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Procedure : 2018/2785(RSP)
Document stages in plenary
Document selected : B8-0336/2018

Texts tabled :

B8-0336/2018

Debates :

PV 05/07/2018 - 4.3
CRE 05/07/2018 - 4.3

Votes :

PV 05/07/2018 - 6.3

Texts adopted :

P8_TA(2018)0305

MOTION FOR A RESOLUTION
PDF 197kWORD 53k
See also joint motion for a resolution RC-B8-0333/2018
3.7.2018
PE621.764v01-00
 
B8-0336/2018

with request for inclusion in the agenda for a debate on cases of breaches of human rights, democracy and the rule of law

pursuant to Rule 135 of the Rules of Procedure


on Burundi (2018/2785(RSP))


Fabio Massimo Castaldo, Ignazio Corrao, Isabella Adinolfi, Rolandas Paksas on behalf of the EFDD Group
Bodil Valero
NB: This motion for a resolution is available in the original language only.

European Parliament resolution on Burundi (2018/2785(RSP))  
B8‑0336/2018

The European Parliament,

¾Having regard to the revised Cotonou Agreement, in particular Article 96 thereof,

 

¾Having regard to the Universal Declaration of Human Rights,

 

¾Having regard to the 1966 International Covenant on Civil and Political Rights,

 

¾Having regard to the African Charter on Human and Peoples’ Rights,

 

¾Having regard to the African Charter on Democracy, Elections and Governance,

 

¾Having regard to Human Rights Council resolution 33/24 of 30 September 2016 establishing the Commission of Inquiry on Burundi and to resolution 36/19 of 4 October 2017 renewing its mandate for one additional year,

 

¾Having regard to the Statement by the spokesperson on the situation in Burundi of 8 June 2018, the Statement by the spokesperson on the Burundian political dialogue of 15 December 2017 and to the Statement by the Spokesperson on Burundi and the International Criminal Court of 27 October 2017,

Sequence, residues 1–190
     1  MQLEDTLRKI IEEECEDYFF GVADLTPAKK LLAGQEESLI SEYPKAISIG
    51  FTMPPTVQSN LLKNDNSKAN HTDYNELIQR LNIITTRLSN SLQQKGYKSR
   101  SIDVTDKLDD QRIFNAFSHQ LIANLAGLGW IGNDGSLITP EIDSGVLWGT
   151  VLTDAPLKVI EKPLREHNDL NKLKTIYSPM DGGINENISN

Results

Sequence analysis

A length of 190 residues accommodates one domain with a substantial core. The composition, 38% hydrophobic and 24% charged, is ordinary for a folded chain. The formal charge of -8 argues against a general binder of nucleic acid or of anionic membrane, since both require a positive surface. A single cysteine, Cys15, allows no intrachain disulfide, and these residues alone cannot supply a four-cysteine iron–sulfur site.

¾Having regard to the report of the international commission of inquiry report presented to the United Nations Human Rights Council on 15 June 2017,

 

¾Having regard to the findings of the Commission of Inquiry on Burundi delivered to the Human Rights Council and the oral briefing by the members of the Commission of Inquiry on Burundi to the 38th session of the UN Human Rights Council on 27 June 2017,

 

¾Having regard to the findings by the African Commission on Human and Peoples' Rights at its 62nd regular session,

 

¾Having regard to the outcome of the Universal Periodic Review on Burundi at the Human Rights Council on 28 June 2018,

 

¾Having regard to the Arusha Peace and Reconciliation Agreement for Burundi (Arusha Agreement) of 28 August 2000,

 

¾Having regard to Council Decision (CFSP) 2015/1763 of 1 October 2015 concerning restrictive measures in view of the situation in Burundi and the decision to prolong them until 31 October 31,

 

¾Having regard to its previous resolutions on Burundi;

 

 

A. Whereas a constitutional referendum took place in Burundi in May 2018 with an overwhelming victory of "yes"; whereas under the new constitution President Nkurunziza would be allowed to run for re-election for two consecutive seven-year mandates and could stay president until 2034; whereas despite the changes to the constitution President Nkurunziza announced he would not run in the 2020 elections;

 

B. Whereas in a number of public speeches delivered before the referendum President Nkurunziza warned, through concealed threats, all those against the referendum creating an environment of intimidation that deeply affected the referendum; whereas these statements were echoed by other officials of the government or of the army;

 

C. Whereas the opposition claimed that the constitutional referendum was tainted by intimidations and frauds with officials and Imbonerakure militias escorting the voters to the booth and urging to vote yes; whereas the opposition did not recognize the result of the referendum but the Constitutional court validated the victory on the 31st of May;

 

D. Whereas on November 2017 the International Criminal Court opened an investigation into alleged crimes against humanity in Burundi; whereas Burundi had withdrawn from the ICC a month earlier, becoming the only ever State to withdraw from the Rome Statute of the International Criminal Court (ICC);